by Kirby Ross
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By Charley Hester, Edited by Kirby Ross
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|1. Home Guard 1861|
In studying the Civil War in Missouri nothing is more confusing than sorting out the various hodge-podge of militia units that fought on the Federal side. A general statement regarding a generic militia unit in a military report, newspaper article, diary, magazine, book, etc., should rightly leave the reader scratching his or her head.
Too many historians and writers on the war in Missouri tend to lump “the militia” into one broad category. Being apprised of specific instances of prominent, institutionally undisciplined behavior by the troops and/or leadership of one particular militia organization all too often results in unsubstantiated and unprovable claims that other militia organizations were of the same ilk. Such broad oversimplifications give the appearance of falling into one of two categories: 1) at best, the writer has failed to do their homework; or, 2) at worst, the writer is allowing an agenda to supercede objective historical accuracy. This is certainly not to say that specific militia organizations never engaged in wrongful conduct—without a doubt, many if not all of them had troops that crossed the line, just as many soldiers in a prolonged armed conflict are prone to do. What is being communicated is that there were different types of militia in Missouri during the war, and the quality and discipline of each unit was as varied and diverse as the ways in which those units came into existence.
The following listing, while not necessarily complete, provides brief profiles of the most prominent militia organizations that existed in Missouri during the War Between the States.
1. Home Guard 1861
On June 11, 1861, the commander of the Department of the West, Brigadier General Nathaniel Lyon, was ordered by the Department of War to enlist “such loyal citizens” of Missouri as he thought proper to allow those individuals to protect their homes and neighborhoods from the state’s pro-Southern element. With the formational authority being provided by the United States government as opposed to the secessionist state government, this national-level involvement in localized community defense efforts was unique in the course of the Civil War.
Just under 20,000 men served in what came to be known as the Home Guard, filling a total of 241 companies in 6 regiments and 22 battalions. According to a post-war Congressional report on the various military organizations that were created in Missouri, “the Home Guard consisted of two classes:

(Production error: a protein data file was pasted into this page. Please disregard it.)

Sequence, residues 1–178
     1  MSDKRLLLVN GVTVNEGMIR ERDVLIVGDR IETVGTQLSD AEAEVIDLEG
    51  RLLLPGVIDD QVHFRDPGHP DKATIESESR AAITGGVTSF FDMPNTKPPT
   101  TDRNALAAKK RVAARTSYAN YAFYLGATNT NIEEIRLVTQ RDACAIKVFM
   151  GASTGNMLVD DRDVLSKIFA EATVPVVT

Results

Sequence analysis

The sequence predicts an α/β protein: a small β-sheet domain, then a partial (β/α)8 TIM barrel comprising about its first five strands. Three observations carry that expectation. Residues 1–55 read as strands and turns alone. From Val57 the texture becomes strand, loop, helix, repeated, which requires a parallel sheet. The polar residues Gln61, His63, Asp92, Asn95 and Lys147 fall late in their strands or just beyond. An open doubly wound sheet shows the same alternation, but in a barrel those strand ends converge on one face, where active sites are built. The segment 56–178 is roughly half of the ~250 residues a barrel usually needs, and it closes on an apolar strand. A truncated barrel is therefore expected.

“(1) Those who were organized for their own protection and the preservation of peace in their own neighborhoods, and were armed by the United States but were to receive neither pay, clothing, nor rations, and,
“(2) Those who were organized, armed, and equipped for more active local service, for which service it was understood they would have a valid claim for pay.” These latter units were called into service by Federal military authorities in Missouri after recruitment quotas for U.S. Volunteers were reached and additional manpower was needed to deal with the deteriorating state of affairs.
By the end of 1861 a very confused situation had arisen in that different rules were governing the individual units—some companies were being mustered in on condition that they serve only in Missouri, while others that were actively serving never actually mustered in. In addition, there were units that had been formed without any underlying legal authority whatsoever. To resolve matters the Union command commenced disbanding these organizations in December, while a few had already “relieved themselves from duty,” to provide for their families after coming to the realization there was no chance of obtaining payment for their services.
With the Confederate-supporting state government having been ousted from the capital by the summer of 1861, the newly installed Unionist government began assuming responsibility for local defense by creating several organizations to fill the niche served by the Home Guard, including the Six-month Militia in late 1861 and the Enrolled Missouri Militia in mid-1862.
2. Six-Month Militia 1861
In the face of Federal control over community defense in Missouri and the structural deficiencies associated with the Home Guard, on August 24, 1861, the newly installed Unionist governor of Missouri, Hamilton Gamble, issued a proclamation calling into service 42,000 militia “to protect the lives and property of the citizens of the State.” Falling far short of its goals, just over 6,000 men signed up for six-month enlistments into five regiments, eleven battalions, and ten independent companies in the following weeks.
Assuming the primary role in local defense from the disbanding Home Guard, the Six-month Militia performed duty primarily in “scouring their counties in search of rebel camps and rendezvous, and acting as scouts and guides to the various bodies of volunteers then in the State.” After a few months the great expense in maintaining this force was deemed to be without a corresponding benefit and the governor ordered it dismantled in January 1862. Its duties were subsequently filled in large part by the Missouri State Militia that was being brought into existence at this time.
3. Missouri State Militia 1861-1865
Coming to grips with the financial realities of fielding large numbers of men to defend the state, Governor Hamilton Gamble developed a plan that shifted the cost to the national government while at the same time allowing him to maintain personal control of the force himself. Meeting with President Abraham Lincoln in the fall of 1861, an agreement was finalized on November 6 wherein a force called the Missouri State Militia was created that was “armed, equipped, clothed, subsisted, transported, and paid by the United States,” but at the same time was not subjected to duty outside of Missouri except in “the immediate defense of the State.” Orders were issued out of the War Department the next day formalizing this agreement, which was further sanctioned by an act of Congress.